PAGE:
Posts tagged: voice

Jan 11 2016

Writing Tips :: Conjugating Verbs

If you’ve taken French, you’ve conjugated verbs. You can do this in English too.

Let’s have a go at a common verb.

To Eat
I eat
you eat
he/she eats
we eat
you eat
they eat

It’s important to make sure you use the right form of a verb in your writing. If you say “I eats the cookie” you’re probably Cookie Monster. It’s important to note that the ‘s’ on the end of “he/she eats” doesn’t mean more than one person is eating.

To Be
I am
you are
he/she is
we are
you are
they are

How about a couple more?

To Go
I go
you go
he/she goes
we go
you go
they go

and

To Sing
I sing
you sing
he/she sings
we sing
you sing
they sing

It’s not too hard to make sure you got the verb conjugated correctly, but sometimes it can be confusing. If you’re not sure, ask around and double-check that your sentence is written clearly!

Dec 14 2015

Writing Tips :: Verbs and Tenses

When you’re writing it’s important to decide on a tense and then stick to it throughout your work. It’s really confusing for a reader if the text jumps from being in past tense to being in future tense and then back again.

The three basic tenses are past, present, and future.

Past Tense: He jumped on the dog.

Present Tense: He jumps on the dog.

Future Tense: He will jump on the dog.

There are a couple of other types of tense that you may need.

Perfect Tenses use the verb “to have”:

Past Perfect Tense: He had jumped on the dog.

Present Perfect Tense: He has jumped on the dog.

Future Perfect Tense: He will have jumped on the dog.

Progressive Tenses use the verb “to be” and conjugate the main verb with the -ing ending:

Past Progressive Tense: He was jumping on the dog.

Present Progressive Tense: He is jumping on the dog.

Future Progressive Tense: He will be jumping on the dog.

Perfect Progressive Tenses use both the verb “to be” and the verb “to have” and conjugate the main verb with the -ing ending:

Past Perfect Progressive Tense: He had been jumping on the dog.

Present Perfect Progressive Tense: He has been jumping on the dog.

Future Perfect Progressive Tense: He will have been jumping on the dog.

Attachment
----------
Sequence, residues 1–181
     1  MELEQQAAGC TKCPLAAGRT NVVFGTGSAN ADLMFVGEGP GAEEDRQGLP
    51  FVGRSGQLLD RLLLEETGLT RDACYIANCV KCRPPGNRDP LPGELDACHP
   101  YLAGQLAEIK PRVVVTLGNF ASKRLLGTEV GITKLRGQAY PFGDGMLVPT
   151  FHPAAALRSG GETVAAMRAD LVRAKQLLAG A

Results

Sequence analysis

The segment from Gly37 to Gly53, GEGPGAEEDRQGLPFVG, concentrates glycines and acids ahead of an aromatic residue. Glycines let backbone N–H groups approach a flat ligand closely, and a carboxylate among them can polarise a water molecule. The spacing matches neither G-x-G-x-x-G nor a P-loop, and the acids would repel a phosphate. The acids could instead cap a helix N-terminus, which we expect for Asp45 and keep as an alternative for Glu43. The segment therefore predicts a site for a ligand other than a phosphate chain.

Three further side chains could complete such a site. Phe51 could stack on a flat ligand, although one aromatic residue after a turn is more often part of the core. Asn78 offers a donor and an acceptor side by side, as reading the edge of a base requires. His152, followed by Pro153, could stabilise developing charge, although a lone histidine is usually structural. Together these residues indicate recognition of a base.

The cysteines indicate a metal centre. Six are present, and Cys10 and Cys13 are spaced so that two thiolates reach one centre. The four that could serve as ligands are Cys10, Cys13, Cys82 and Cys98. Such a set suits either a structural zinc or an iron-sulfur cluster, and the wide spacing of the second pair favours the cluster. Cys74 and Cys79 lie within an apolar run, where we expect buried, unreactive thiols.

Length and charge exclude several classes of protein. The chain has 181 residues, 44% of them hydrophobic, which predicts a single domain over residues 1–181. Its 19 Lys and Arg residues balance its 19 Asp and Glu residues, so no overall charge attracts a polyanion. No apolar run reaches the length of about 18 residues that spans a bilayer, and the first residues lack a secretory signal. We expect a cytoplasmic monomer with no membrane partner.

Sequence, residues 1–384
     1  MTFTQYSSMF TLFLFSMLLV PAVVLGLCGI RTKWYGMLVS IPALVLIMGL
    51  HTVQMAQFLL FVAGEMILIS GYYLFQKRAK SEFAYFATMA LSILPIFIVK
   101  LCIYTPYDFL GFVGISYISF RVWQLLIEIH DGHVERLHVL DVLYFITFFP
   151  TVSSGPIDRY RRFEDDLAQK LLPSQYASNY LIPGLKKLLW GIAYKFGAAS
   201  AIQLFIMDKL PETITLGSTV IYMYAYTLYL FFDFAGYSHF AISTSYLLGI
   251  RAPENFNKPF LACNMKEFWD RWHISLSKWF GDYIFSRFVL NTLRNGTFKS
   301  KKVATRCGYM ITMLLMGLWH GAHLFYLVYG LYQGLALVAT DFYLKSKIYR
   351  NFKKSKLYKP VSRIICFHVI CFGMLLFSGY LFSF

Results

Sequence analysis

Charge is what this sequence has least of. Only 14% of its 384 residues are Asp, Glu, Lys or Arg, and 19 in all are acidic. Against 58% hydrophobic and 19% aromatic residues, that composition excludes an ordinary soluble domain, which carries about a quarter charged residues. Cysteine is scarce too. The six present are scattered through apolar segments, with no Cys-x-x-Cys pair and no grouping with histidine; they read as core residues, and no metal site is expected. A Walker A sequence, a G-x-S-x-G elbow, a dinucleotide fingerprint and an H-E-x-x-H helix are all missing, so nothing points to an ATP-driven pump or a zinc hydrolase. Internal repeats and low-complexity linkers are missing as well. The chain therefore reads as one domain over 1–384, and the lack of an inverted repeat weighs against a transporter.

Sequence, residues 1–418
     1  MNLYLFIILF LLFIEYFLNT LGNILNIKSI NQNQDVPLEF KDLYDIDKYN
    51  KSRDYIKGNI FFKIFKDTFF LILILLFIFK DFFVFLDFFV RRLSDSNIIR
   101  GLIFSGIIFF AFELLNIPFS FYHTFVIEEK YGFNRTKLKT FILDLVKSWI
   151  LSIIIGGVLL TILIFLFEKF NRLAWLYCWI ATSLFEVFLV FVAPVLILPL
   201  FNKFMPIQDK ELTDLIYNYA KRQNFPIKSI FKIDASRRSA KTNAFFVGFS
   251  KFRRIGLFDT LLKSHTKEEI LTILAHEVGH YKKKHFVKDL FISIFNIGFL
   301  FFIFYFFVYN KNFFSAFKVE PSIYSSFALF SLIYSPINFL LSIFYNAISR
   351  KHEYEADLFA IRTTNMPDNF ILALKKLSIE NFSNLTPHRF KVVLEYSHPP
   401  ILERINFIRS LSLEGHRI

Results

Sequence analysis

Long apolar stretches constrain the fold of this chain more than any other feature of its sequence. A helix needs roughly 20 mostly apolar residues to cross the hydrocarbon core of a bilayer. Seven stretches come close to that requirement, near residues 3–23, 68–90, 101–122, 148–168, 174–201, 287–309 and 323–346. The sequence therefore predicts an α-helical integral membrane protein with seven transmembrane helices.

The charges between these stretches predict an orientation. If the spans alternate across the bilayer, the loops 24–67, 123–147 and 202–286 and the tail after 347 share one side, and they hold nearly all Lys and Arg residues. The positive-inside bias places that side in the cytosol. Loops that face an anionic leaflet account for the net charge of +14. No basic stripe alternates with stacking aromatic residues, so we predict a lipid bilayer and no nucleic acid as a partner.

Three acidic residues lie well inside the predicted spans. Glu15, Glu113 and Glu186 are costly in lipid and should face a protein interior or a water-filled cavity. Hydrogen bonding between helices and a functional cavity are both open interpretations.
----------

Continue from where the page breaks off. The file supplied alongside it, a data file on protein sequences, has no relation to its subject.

Most of the time you just need the basic first three tenses, but it’s good to know about these other ones, just in case. Can you think of times when you might need to use each of these tenses in a piece of writing?

May 08 2012

Writing Tips: Voice

Voice is one of those weird things that everyone talks about but nobody can really tell you how to nurture or develop. It’s that part of your writing that makes it identifiable as being yours and not Sally’s or Joe’s or anybody else’s.

Some people have no real voice; everything they write is different, and it’s difficult to tell that a group of stories are all written by the same person.

Other people are almost “stuck” in their voice. Everything they write sounds exactly the same, even with different main characters and different types of writing.

Then there are the people who are able to bring to life different characters and have them sound different from each other, while retaining that sense of who the author is.

It’s my job, as an editor, to refine the author’s words without losing the author’s voice. As such, if I am editing a piece of fiction or creative non-fiction (well, more creative than filling in blanks in a formal report, at least), I have to take care to make suggestions to the author about what to do with a sentence. I need to keep my voice from overwhelming that of the author, because if I do that, the piece is no longer the author’s – I’ve stolen it and made it mine. That’s not right.

Holly Lisle, who has several writing courses available through her web site, has a list of ten steps to finding your writing voice. If you’re interested in making sure you have a strong voice, do check it out and take her advice.

Remember: Your voice is your own, and it’s what sets your writing apart from that of every other author. Do your best to develop it!

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